A literature analysis examining the potential suitability of terahertz imaging to detect friction ridge detail preserved in the imprimatura layer of oil-based, painted artwork
Hannaford, Jennifer A.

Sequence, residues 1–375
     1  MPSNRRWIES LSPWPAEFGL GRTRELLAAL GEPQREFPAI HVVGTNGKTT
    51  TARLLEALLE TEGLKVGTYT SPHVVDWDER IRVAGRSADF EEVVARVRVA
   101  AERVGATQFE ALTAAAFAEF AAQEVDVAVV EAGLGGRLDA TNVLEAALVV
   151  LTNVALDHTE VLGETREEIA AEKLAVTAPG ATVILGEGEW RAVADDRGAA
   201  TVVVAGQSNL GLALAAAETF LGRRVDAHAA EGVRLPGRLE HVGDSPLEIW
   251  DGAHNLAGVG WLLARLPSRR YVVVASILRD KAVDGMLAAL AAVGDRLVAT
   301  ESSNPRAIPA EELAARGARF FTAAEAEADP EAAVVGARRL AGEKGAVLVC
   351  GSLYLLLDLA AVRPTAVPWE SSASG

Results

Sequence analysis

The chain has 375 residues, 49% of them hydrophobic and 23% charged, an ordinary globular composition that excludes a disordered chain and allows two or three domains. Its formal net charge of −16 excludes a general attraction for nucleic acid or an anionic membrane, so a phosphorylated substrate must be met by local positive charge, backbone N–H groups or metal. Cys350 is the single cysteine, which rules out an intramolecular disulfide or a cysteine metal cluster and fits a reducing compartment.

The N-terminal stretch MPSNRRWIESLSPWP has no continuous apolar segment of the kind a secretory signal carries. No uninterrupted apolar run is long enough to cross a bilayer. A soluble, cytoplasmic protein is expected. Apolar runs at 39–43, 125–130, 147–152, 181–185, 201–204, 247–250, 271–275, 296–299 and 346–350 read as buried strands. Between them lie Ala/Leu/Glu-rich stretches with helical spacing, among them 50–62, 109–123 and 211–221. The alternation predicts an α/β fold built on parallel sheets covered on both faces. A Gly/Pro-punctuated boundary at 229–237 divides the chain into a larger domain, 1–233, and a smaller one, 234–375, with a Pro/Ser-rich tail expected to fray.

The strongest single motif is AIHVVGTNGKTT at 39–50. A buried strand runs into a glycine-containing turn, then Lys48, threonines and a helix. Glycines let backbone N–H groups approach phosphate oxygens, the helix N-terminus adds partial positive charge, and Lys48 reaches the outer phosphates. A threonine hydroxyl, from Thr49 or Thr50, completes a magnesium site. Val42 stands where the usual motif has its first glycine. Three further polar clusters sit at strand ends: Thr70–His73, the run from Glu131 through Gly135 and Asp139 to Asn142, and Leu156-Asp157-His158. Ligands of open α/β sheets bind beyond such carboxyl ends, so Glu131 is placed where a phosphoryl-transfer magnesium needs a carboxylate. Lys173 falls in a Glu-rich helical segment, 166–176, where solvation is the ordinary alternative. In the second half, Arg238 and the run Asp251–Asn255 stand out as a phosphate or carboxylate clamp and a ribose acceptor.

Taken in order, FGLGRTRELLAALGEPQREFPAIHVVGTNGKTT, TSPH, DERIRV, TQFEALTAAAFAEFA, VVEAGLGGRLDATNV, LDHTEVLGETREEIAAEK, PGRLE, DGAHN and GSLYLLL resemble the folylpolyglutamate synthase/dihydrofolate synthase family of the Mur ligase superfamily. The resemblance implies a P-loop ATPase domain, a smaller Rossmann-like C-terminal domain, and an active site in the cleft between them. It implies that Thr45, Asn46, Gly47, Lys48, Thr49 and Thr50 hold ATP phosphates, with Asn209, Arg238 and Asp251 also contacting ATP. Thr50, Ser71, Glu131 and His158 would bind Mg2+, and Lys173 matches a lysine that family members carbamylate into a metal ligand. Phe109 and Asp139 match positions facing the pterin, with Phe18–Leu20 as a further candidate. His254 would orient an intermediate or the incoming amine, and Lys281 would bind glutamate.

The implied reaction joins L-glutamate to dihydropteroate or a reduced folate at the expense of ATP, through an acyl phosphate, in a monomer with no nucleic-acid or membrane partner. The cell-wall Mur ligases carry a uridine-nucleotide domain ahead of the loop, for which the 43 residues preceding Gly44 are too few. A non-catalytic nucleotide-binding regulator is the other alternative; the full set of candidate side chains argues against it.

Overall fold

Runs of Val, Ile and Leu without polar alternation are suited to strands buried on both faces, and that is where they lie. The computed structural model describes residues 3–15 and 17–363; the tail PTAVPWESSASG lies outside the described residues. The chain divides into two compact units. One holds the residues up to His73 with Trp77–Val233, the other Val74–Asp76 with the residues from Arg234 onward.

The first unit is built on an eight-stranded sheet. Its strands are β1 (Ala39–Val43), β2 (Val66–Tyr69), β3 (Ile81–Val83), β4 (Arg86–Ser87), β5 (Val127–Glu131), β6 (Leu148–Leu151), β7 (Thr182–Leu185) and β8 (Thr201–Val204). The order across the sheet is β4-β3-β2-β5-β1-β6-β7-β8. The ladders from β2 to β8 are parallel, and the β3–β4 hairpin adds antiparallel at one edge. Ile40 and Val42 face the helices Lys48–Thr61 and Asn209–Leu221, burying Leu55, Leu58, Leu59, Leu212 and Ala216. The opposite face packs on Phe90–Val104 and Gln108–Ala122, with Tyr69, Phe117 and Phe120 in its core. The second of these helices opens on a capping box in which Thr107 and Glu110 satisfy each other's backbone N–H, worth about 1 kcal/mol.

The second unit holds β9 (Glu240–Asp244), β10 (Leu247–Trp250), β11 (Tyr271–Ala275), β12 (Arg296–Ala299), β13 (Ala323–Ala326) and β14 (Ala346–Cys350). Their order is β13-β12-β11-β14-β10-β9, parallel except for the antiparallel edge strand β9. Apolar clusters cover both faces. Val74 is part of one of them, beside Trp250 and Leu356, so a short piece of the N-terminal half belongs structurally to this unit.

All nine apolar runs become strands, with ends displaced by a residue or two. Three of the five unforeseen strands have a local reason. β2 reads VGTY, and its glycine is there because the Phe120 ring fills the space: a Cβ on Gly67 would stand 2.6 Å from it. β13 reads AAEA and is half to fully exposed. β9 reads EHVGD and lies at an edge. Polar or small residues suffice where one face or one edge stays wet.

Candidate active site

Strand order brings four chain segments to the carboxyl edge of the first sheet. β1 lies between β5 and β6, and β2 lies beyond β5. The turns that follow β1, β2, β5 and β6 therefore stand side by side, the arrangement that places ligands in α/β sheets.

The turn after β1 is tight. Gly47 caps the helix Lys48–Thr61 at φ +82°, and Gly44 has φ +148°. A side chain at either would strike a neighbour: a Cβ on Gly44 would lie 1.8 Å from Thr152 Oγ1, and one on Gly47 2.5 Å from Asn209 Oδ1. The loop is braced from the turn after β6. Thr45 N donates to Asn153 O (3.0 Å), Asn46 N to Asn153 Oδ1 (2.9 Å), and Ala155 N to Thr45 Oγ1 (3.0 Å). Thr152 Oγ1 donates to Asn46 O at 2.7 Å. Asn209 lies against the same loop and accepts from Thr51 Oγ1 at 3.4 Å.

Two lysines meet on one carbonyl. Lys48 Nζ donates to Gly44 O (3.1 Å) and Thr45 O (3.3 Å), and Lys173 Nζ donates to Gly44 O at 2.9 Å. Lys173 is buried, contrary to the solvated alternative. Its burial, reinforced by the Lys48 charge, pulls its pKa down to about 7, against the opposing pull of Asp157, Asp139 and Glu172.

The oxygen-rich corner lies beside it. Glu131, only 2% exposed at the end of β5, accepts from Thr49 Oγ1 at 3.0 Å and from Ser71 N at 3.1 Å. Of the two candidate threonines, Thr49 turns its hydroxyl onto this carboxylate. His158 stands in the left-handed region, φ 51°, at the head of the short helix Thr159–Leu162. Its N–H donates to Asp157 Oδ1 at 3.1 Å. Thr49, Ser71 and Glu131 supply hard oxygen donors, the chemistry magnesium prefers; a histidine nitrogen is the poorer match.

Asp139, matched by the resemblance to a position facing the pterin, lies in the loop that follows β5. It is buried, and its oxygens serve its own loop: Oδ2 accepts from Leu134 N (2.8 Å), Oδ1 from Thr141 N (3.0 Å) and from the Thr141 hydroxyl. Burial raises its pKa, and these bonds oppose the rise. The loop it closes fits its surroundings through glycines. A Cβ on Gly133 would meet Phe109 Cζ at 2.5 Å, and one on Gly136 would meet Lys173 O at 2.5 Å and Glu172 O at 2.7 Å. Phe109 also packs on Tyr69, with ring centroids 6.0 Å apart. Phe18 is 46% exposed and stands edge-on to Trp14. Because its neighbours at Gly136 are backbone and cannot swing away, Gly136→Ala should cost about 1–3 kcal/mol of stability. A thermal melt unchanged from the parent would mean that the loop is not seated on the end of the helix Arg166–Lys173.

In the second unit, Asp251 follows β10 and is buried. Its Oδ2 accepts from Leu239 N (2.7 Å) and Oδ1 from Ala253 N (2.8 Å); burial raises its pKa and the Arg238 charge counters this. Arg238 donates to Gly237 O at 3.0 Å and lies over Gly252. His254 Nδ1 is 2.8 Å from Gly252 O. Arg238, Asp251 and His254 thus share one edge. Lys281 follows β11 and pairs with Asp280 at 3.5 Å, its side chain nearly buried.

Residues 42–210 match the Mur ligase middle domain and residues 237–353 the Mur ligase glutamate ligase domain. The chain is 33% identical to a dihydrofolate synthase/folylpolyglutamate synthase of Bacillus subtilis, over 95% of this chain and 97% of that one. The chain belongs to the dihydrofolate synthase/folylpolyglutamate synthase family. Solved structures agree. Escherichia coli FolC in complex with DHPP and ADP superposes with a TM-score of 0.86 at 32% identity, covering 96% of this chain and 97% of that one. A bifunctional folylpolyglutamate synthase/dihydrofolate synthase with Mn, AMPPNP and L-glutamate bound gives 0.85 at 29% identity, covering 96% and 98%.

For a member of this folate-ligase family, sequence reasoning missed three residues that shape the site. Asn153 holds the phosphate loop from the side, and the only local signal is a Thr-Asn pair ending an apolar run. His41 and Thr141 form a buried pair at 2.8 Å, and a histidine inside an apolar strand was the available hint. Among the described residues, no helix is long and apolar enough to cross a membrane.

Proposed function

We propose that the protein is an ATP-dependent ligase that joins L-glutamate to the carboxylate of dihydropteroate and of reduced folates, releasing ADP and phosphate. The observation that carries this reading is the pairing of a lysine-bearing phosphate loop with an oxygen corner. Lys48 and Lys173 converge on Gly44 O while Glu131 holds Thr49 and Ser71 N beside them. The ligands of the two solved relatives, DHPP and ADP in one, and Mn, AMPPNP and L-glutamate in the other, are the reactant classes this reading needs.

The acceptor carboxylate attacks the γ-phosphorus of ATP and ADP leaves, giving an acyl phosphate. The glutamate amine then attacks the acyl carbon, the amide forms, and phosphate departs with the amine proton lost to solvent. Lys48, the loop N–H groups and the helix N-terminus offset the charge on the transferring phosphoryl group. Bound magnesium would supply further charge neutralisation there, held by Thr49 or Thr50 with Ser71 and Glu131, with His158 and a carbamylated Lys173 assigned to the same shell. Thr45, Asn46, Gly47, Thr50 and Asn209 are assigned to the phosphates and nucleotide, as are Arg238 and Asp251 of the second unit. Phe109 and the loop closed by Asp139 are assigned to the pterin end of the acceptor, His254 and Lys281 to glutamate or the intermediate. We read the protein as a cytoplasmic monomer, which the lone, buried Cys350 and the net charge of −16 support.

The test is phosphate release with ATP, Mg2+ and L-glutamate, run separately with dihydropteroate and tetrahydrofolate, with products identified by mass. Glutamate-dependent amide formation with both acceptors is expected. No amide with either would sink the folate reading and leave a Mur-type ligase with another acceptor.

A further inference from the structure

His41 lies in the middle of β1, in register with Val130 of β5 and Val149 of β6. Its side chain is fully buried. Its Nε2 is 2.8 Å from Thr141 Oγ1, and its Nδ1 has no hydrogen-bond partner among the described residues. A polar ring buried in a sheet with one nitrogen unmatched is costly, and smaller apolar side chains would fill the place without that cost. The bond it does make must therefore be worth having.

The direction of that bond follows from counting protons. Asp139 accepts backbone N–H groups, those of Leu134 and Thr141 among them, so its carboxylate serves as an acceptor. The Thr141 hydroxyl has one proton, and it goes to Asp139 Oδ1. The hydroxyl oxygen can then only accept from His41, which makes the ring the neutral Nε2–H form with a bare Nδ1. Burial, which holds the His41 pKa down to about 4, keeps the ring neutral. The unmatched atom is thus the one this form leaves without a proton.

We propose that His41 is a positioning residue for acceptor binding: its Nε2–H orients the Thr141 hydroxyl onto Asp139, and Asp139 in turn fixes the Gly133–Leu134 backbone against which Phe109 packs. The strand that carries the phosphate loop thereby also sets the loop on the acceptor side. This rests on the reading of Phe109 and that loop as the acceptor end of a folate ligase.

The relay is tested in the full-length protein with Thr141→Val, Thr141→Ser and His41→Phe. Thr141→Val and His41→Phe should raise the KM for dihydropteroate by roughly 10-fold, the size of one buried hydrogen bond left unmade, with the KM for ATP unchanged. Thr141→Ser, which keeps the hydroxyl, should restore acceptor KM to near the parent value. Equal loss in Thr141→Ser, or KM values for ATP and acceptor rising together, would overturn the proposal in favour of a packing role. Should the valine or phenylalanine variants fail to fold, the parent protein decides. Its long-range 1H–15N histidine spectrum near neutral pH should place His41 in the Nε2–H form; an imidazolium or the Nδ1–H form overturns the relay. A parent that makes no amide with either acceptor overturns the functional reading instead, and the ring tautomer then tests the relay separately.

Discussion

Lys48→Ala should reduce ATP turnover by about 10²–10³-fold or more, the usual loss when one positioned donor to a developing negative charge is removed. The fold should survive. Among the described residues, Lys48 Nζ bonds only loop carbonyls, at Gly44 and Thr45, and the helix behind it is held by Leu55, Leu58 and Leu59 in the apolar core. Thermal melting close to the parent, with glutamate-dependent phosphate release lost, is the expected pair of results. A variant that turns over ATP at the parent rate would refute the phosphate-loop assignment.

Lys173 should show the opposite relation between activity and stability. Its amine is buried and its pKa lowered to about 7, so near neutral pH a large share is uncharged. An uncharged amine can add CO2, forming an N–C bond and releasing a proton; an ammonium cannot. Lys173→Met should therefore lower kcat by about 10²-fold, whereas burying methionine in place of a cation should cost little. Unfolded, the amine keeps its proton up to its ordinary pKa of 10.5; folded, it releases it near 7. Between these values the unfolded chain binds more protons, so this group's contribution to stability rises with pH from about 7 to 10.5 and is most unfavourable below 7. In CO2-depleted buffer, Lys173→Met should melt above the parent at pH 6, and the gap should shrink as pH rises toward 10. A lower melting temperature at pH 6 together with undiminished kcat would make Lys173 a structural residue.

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This literature analysis examines terahertz (THz) imaging as a non-invasive tool for the imaging of friction ridge detail from the first painted layer (imprimatura) in multilayered painted works of art. The paintings of interest are those created utilizing techniques developed during the Renaissance and still in use today. The goal of analysis serves to answer two questions. First, can THz radiation penetrate paint layers covering the imprimatura to reveal friction ridge information? Secondly, can the this technology recover friction ridge detail such that the fine details are sufficiently resolved to provide images suitable for comparison and identification purposes. If a comparison standard exists, recovered friction ridge detail from this layer can be used to establish linkages to an artist or between works of art. Further, it can be added to other scientific methods currently employed to assist with the authentication efforts of unattributed paintings. Flanked by the microwave and far-infrared edges, THz straddles the electronic and optic perspectives of the electromagnetic spectrum. As a consequence, this range is imparted with unique and useful properties. Able to penetrate and image through many opaque materials, its non-ionizing radiation is an ideal non-destructive technique that provides visual information from a painting’s sub-strata. Imaging is possible where refractive index differences exist between different paint layers. Though it is impossible, at present, to determine when a fingerprint was deposited, one can infer approximately when a print was created if it is recovered from the imprimatura layer of a painting, and can be subsequently attributed to a known source. Fingerprints are unique, a person is only able to deposit prints while their physical body is intact and thus, in some cases, the multiple layer process some artists use in their work may be used to the examiner’s advantage. Impressions of friction ridge detail have been recorded on receiving surfaces from human hands throughout time (and have also been discovered in works of art). Yet, the potential to associate those recorded impressions to a specific individual was only realized just over one hundred years ago. Much like the use of friction ridge skin, the relatively recently discovered THz range is now better understood; its tremendous potential unlocked by growing research and technology designed to exploit its unique properties.